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    In its turn, woodworking keeps on delighting, where the annual growth of export achieved 10.1% (inter alia, the gain in export to Great Britain made up 26%).

    Fears associated with Brexit doubled the energy of Latvian exporters of wood and wood products, who are hurrying to sell as much as possible before exit of Great Britain from the EU. But the date of this monumental for Europe event becomes more and more uncertain. So, the Supreme Court of Great Britain took a decision that the government may not start the Brexit procedure without approval by the Parliament. What would eventually decide the servants of British people is unknown. Anyway, it means postponing of the moment of kiss off, which is positive news for Latvian exporters.

    Moreover, the general growth was facilitated by export of furniture (30.9%) and chemical products (7.6%).

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  • Artur Eresko ◦ Construction projects are waiting for a signal from Brussels

    Latvian statisticians have calculated the number of houses, workshops and roads that have not been built.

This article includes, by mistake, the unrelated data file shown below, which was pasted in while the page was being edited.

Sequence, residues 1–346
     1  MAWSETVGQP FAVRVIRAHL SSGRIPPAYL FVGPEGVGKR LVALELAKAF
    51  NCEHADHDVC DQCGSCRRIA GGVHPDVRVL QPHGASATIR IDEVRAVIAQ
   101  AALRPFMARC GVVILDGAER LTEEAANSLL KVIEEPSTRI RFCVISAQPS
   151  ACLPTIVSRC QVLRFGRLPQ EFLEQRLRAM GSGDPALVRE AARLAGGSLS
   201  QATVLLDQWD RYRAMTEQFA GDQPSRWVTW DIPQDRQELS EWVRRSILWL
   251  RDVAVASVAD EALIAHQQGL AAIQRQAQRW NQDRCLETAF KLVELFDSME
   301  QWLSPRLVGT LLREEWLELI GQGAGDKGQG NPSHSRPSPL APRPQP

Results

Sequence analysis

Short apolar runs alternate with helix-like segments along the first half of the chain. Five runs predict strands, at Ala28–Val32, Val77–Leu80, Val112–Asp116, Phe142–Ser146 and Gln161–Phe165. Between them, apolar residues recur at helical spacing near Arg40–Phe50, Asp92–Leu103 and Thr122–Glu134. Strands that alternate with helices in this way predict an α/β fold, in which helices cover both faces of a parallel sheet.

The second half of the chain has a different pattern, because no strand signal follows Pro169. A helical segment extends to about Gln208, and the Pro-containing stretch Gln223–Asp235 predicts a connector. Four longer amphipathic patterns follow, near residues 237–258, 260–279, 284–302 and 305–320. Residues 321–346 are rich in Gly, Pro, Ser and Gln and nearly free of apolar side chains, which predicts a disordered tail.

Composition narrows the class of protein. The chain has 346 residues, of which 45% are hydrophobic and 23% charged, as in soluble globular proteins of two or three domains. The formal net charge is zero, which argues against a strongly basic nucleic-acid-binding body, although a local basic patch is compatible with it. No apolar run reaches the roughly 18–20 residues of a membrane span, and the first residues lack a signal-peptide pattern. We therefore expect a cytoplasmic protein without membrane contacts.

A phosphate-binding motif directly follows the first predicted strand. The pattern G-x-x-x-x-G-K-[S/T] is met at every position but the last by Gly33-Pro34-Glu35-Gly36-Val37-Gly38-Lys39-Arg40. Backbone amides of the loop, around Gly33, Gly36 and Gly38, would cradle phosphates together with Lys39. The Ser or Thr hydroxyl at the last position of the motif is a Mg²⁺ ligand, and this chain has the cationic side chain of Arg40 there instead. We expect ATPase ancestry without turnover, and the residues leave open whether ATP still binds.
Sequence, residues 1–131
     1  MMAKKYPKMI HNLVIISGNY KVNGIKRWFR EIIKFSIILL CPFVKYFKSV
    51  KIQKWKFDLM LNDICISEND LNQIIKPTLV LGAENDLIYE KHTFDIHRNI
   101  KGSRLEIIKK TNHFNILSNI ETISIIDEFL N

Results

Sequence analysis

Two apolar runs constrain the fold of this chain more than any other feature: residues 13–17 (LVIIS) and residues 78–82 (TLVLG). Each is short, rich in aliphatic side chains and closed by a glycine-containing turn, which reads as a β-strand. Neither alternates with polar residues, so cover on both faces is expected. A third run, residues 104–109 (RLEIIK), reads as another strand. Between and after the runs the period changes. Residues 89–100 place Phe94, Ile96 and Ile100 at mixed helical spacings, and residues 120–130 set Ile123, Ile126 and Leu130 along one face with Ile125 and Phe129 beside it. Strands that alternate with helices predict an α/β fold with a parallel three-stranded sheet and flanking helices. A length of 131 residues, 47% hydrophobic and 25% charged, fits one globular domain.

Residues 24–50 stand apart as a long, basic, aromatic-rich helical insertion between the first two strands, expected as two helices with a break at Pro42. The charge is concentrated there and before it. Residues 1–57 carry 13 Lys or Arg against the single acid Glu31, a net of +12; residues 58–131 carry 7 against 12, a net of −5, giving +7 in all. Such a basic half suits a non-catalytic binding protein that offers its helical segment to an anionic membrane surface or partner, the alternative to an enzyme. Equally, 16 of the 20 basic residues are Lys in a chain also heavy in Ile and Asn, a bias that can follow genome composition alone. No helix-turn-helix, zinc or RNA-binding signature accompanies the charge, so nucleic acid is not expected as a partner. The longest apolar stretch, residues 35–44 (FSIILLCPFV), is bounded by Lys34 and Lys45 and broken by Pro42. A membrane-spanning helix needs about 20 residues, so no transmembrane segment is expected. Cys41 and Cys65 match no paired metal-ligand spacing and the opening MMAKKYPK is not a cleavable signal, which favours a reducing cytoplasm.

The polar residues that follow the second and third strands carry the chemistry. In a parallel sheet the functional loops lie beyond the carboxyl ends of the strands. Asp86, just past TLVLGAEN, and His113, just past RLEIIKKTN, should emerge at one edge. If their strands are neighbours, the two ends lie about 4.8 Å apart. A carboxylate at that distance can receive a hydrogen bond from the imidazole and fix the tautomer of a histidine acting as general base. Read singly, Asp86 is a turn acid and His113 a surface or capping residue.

Last year, in comparison with 2015, the volumes of construction products in comparable prices for calendar-aligned data decreased by 17.8%. In absolute terms, the fall was 318 million EUR.

    Overall decline does not look so terrible when looking at construction of engineering facilities in 2016 where 33.3% collapse was recorded.

    In 2016, the decline was noted in almost all areas of engineering construction, including ports, waterways, dams and other hydraulic structures - by 31.3%; bridges, overpasses and tunnels - by 29.9%, motorways, streets, roads, runways and railways - by 29.5%.

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    Thus, development of construction industry is hampered by low utilization of EU structural funds. Although for 2016 a decline in cash flow from the EU coffers was predicted, at the beginning of the year it was impossible to foresee that the financial flow would become so low and, as a consequence, would affect so much the volumes of construction. As a result, the current drop in construction is comparable to the fall in output in the 2008-2010 crisis.

    Question of future growth of the construction industry should be put not to Latvian builders but to Brussels bureaucrats who have demonstrated their unpredictability in transferring European subsidies to poor EU countries.

    At present, European financing is expected to be received in the second half of 2017. Then new construction sites will appear in Latvia.

    It can be also predicted when these construction projects will begin to close again. In 2020, European financial assistance will be sharply reduced. It can be said for sure. But it is, unfortunately, impossible to assert that by this time also private and public investments in the construction sector will grow sharply.

     

    Artur Eresko (Артур Ересько), candidate of Economic and Legal Sciences.